Who’s most likely to nod off behind the wheel?  Grandpa?  Actually, grandpa might be your safest driver as it relates to drowsy driving statistics.  It’s the grandkids you should be worried about.  Drivers aged 18-29 are 3.5x more likely to drive drowsy than seniors 65+.  71% of those 18-29 admitted to driving while drowsy, a number that gets higher still among men and people who work night shifts.

Our friends at The Automobile Association of America (AAA) offer two proven tips for staying awake:  Get sleep, and take caffeine. Caffeine we can do.  We can happily do (see Juan Valdez, Red Bull, Jolt Gum).  But while we’d all love a solid nine hours of sleep every night, we imagine even the good folks at Triple A aren’t getting that much.  So what can you do to stay awake?

Part II tomorrow…..

Posted on : 17-12-2012 | By : morebetter | In : Caffeine, Caffeine gum, Drowsy Driving, Safety, Science of caffeine

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Jolt Gum proven to improve athletic performance

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In a recent university study in New Zealand, Jolt Gum was proven to increase athletic performance by 5.4%!  To put that improvement in perspective, 5.4% was more than the difference between the first and last place finishers in the Women’s 100m dash in London 2012!  5.4% is more than than the house advantage in roulette at a casino (5.3%)!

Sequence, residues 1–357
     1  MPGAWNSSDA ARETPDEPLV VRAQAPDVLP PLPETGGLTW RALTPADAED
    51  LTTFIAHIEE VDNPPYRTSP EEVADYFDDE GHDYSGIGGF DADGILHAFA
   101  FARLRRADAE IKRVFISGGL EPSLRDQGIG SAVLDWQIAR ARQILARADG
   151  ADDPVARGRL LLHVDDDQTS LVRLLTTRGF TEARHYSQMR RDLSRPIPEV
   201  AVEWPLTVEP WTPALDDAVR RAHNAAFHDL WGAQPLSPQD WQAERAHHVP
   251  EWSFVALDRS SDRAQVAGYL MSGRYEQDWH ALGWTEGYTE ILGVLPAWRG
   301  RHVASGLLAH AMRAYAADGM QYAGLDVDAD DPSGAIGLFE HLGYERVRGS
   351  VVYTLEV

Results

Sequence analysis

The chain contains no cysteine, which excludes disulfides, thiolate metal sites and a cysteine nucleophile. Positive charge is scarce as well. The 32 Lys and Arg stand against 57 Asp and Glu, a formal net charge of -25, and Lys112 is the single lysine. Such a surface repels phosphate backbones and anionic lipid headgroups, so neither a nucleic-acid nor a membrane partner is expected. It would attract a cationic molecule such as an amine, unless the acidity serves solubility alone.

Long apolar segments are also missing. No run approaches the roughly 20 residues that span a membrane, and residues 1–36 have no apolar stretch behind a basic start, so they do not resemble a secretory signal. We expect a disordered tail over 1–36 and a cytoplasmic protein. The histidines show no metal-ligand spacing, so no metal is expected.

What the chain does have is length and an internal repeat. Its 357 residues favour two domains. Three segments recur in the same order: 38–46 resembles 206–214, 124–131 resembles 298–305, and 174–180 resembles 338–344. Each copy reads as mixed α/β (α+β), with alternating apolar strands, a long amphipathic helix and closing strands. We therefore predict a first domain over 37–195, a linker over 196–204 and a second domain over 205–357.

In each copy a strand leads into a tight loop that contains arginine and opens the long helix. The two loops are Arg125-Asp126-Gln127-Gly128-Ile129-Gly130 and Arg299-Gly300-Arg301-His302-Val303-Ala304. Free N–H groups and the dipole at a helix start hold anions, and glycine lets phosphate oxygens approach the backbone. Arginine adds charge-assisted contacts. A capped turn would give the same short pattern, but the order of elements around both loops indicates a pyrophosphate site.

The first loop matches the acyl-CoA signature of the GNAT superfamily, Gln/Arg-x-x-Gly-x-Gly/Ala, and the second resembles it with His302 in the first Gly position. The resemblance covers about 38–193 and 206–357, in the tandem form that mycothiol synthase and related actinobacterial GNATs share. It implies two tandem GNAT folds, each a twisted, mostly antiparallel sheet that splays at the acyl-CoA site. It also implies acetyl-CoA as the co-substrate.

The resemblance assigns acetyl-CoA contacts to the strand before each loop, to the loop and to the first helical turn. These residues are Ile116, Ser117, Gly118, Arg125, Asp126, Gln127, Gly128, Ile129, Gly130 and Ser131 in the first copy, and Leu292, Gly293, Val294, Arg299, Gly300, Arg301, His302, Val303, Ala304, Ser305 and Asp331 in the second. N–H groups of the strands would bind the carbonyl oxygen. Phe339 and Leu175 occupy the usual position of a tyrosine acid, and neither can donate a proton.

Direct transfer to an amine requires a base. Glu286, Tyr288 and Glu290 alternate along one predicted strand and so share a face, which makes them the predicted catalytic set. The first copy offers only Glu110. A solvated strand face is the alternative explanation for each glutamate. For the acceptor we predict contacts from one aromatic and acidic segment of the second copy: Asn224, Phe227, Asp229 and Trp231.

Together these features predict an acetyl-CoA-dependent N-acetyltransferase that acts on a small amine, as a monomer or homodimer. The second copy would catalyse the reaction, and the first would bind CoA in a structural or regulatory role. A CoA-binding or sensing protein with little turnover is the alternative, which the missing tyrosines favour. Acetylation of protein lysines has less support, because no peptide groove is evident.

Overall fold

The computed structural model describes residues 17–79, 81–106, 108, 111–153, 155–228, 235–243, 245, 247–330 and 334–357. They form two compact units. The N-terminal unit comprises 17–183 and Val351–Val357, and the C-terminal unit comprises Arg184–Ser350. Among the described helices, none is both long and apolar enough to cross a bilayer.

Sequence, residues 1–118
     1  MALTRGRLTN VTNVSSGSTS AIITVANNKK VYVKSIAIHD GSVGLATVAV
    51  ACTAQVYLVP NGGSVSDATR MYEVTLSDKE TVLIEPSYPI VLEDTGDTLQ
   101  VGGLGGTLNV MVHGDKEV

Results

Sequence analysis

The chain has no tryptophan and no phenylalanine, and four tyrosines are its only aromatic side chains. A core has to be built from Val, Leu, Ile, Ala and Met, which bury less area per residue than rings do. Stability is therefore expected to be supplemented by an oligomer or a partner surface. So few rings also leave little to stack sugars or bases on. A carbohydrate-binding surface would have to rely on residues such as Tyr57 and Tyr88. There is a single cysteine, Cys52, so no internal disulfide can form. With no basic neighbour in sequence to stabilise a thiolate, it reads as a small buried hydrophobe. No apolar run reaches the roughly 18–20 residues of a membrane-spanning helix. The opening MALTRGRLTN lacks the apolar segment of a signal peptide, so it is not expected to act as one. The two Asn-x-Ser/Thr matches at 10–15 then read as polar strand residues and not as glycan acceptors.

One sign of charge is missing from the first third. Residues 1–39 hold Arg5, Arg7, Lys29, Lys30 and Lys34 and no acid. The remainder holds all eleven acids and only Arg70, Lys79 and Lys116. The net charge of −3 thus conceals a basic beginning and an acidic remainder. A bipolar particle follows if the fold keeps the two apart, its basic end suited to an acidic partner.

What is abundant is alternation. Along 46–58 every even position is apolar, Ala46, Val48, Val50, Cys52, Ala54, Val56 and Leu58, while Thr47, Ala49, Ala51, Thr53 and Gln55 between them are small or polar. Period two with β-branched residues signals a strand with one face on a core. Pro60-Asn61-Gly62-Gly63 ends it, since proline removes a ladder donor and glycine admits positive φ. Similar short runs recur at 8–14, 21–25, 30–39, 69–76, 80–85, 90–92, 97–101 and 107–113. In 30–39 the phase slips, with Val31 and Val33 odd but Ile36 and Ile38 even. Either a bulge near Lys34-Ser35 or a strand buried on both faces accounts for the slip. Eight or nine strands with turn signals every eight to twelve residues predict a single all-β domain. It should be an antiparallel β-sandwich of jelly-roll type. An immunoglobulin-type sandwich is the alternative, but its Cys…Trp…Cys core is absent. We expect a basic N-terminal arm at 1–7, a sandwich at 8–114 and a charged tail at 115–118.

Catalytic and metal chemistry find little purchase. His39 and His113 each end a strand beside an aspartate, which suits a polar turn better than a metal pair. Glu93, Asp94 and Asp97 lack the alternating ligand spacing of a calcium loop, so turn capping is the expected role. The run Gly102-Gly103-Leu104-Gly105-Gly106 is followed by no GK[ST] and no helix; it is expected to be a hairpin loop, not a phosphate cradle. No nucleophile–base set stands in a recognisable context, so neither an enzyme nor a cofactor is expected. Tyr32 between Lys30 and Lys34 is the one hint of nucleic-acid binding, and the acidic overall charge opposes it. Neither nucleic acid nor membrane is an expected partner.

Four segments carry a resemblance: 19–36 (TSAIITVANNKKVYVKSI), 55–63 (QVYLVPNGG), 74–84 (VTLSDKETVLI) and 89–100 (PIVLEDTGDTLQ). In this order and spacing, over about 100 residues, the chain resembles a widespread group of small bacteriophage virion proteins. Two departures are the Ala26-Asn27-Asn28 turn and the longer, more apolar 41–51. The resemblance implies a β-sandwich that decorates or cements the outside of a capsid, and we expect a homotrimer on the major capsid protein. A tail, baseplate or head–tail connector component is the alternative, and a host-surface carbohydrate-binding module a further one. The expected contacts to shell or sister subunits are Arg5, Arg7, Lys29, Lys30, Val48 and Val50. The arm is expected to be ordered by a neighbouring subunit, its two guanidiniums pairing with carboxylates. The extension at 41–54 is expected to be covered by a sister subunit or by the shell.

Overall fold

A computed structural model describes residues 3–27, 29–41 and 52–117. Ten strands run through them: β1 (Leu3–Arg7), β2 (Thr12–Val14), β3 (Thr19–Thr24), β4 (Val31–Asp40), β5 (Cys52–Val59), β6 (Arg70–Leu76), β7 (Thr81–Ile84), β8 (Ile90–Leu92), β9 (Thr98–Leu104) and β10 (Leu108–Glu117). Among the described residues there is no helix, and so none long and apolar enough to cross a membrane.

Run faster, longer with Jolt Gum!

Run faster, longer with Jolt Gum!

Here’s an excerpt from the main bicycling website in Australia, cycling.org.au.   If you’d like to download the entire study (published in the European Journal of Applied Psychology (Volume 110, Number 6), , you can do it here  http://bit.ly/RE1woP.

Peter Reaburn is an Associate Professor in sport science at CQUniversity, races B-grade with Rockhampton Cycling Club and has been a committee member for four years. He recently completed his second Grafton-Inverell (228 km) race. Peter has presented workshops for Cycling Australia and Cycling Queensland for masters athletes and coaches and has written the definitive book titled The Masters Athlete available at: www.mastersathlete.com.au.

Chewing gum improves cycling performance

Introduction

Caffeine is the World’s most commonly used drug. It is often used by cyclists as an ergogenic aid during both training and competition. In our sport, research has shown that caffeine improves performance in a single 1 km time trial and 40km steady-state time trial performance. But what effect might it have on typical road races, point score races on the track, or ‘crits’ where there are repeated sprints during longer endurance events.  A recent New Zealand study investigated the effects of caffeinated chewing gum on fatigue during repeated high-intensity sprints in cyclists.